The tank 10 is provided with a top flange 11 and with a removable cover 12, and has in the center of its bottom a common form of hand-hole plate 13. The lower portion of the tank is adapted to contain water, and to this end it is provided with a suitable water-inlet pipe 14, (shown in Fig. 3,) with an outlet-faucet 15, opening from one side at the bottom, with an overflow-faucet 16, which marks the high est rise of water in the tank, and with a wa ter-gage 17, which is arranged outside the tank and opposite the water-holding portion. The tank is also provided with an oil-gage 18 and with an oil-outlet controlled by a series of cocks 19, and adelivering-faucet 20. The tank has also at the bottom and at one side a removable hand-hole plate 21. The above construction is substantially like that shown in Letters Patent of the United States No. 473,326, dated April 19, 1892, and forms no part of the present invention.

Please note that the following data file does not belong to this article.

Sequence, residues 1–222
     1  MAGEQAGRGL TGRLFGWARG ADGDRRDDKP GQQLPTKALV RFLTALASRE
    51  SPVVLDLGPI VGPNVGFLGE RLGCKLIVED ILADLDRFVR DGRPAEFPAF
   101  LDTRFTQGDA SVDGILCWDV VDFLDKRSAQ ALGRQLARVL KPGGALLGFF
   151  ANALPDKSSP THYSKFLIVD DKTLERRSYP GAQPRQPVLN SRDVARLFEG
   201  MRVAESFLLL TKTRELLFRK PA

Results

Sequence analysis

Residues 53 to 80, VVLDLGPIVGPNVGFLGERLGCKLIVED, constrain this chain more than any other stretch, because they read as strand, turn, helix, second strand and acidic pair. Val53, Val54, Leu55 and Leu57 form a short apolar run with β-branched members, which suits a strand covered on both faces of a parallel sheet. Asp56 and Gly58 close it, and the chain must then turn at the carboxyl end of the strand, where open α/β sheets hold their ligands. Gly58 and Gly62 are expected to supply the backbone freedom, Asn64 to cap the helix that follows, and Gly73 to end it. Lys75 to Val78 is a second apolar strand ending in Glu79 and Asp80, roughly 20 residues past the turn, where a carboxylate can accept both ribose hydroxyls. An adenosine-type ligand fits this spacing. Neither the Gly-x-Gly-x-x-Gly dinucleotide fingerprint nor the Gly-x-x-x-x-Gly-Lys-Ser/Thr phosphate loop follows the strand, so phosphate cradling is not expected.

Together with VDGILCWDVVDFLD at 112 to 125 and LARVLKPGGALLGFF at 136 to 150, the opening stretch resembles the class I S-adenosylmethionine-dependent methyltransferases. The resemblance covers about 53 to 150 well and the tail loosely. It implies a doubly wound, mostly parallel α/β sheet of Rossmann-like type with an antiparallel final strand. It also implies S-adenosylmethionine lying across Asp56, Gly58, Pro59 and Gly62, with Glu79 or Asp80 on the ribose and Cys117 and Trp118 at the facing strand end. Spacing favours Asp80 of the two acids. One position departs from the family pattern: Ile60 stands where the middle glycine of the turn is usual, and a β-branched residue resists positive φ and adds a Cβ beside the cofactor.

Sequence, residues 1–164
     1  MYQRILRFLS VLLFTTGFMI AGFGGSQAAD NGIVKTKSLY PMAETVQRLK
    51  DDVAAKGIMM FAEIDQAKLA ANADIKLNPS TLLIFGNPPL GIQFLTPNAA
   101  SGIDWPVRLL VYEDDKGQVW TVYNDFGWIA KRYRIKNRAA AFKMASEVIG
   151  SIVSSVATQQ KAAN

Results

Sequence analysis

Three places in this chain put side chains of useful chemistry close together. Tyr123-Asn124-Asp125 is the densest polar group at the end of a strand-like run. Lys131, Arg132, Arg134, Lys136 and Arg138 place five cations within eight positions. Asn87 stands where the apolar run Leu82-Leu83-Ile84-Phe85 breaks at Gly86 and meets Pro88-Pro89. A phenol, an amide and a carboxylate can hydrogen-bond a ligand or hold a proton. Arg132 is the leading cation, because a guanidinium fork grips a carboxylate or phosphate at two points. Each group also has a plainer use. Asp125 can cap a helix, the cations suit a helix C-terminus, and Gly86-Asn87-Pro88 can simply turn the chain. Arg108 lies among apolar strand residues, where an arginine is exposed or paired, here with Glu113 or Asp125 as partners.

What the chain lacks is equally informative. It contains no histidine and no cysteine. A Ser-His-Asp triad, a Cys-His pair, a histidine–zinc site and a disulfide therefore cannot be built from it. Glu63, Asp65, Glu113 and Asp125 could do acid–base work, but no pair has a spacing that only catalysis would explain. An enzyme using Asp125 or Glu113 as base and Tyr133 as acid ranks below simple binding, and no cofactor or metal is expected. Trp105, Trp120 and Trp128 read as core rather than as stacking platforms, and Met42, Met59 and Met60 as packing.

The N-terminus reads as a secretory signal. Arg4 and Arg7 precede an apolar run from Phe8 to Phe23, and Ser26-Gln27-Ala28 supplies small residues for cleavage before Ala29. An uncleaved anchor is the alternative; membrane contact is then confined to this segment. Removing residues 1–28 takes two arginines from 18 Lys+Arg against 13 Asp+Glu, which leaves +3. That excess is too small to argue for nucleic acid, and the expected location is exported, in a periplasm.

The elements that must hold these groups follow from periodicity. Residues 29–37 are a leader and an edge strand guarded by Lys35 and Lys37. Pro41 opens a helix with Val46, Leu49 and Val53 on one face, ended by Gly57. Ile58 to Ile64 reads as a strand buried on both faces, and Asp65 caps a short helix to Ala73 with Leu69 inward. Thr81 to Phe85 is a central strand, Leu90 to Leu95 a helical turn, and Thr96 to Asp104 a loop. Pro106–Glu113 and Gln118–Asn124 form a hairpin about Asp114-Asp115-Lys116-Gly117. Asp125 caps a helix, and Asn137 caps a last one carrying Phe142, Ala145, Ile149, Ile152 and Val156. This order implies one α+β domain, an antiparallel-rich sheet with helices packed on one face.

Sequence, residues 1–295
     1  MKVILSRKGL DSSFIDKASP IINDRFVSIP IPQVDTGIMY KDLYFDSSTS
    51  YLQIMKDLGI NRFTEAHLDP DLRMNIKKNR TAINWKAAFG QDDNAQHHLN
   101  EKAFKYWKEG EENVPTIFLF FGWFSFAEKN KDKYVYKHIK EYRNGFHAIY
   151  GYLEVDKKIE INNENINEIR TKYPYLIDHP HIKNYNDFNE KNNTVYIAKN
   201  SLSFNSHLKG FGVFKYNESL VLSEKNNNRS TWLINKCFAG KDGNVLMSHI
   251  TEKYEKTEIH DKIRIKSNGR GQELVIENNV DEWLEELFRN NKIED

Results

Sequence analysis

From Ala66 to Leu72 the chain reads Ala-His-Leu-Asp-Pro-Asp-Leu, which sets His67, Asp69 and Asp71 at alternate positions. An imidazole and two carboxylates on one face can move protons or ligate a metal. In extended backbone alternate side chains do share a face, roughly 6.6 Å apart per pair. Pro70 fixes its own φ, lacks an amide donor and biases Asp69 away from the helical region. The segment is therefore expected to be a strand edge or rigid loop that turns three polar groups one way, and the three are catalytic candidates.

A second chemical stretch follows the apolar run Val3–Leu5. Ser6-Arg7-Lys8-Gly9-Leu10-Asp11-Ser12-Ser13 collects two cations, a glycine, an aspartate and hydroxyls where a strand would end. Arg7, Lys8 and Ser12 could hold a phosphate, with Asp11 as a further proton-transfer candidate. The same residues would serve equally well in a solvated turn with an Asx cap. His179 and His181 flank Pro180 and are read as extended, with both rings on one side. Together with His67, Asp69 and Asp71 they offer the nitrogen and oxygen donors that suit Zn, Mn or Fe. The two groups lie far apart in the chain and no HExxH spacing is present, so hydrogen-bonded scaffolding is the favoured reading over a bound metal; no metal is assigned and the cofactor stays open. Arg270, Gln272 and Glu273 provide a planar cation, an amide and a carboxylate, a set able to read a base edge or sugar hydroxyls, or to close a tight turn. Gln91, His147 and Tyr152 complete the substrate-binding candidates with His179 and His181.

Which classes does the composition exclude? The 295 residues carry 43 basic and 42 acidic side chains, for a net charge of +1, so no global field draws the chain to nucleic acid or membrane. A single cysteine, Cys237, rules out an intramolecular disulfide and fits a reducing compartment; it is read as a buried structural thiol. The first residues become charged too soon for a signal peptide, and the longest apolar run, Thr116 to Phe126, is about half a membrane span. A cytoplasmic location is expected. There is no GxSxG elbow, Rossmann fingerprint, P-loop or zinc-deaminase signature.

In the central portion of the tank is a vertical annular well 22, which extends nearly to the top of the tank and has outlets 23 near the top andon opposite sides. A hopper 2a is sustained in the tank top, the hopper resting upon the upper end of the well 22 and having in its bottom portion a strainer 25, so that when oil holding waste material is thrown into the hopper the oil will ooze downward through the strainer, leaving the refuse above. Opening from the lower middle portion of the hopper is a pipe 26, which extends downward into the well 22 and delivers into the well-bottorn. Around the lower end of the pipe 26 is a steam-coil 27, having a suitable inlet-pipe 28, extending through the side of the well and tank, and a similar outlet-pipe 29, the pipes being adapted to connect with any steam-gen erator in the usual way.
On opposite sides of the well 22 and in the main chamber of the tank are hoppers 30, these being arranged just beneath the outlets 23 of the well, and they have outlet-pipes 31, extending downward and delivered into the water-inlet portion of the tank, as shown in Fig. 2, the pipes extending nearly to the tank bottom. To prevent any derangement of the pipes 31, they are provided with braces 32, the outer ends of which are secured, respectively, to the wall of the main tank and the wall of the well 22.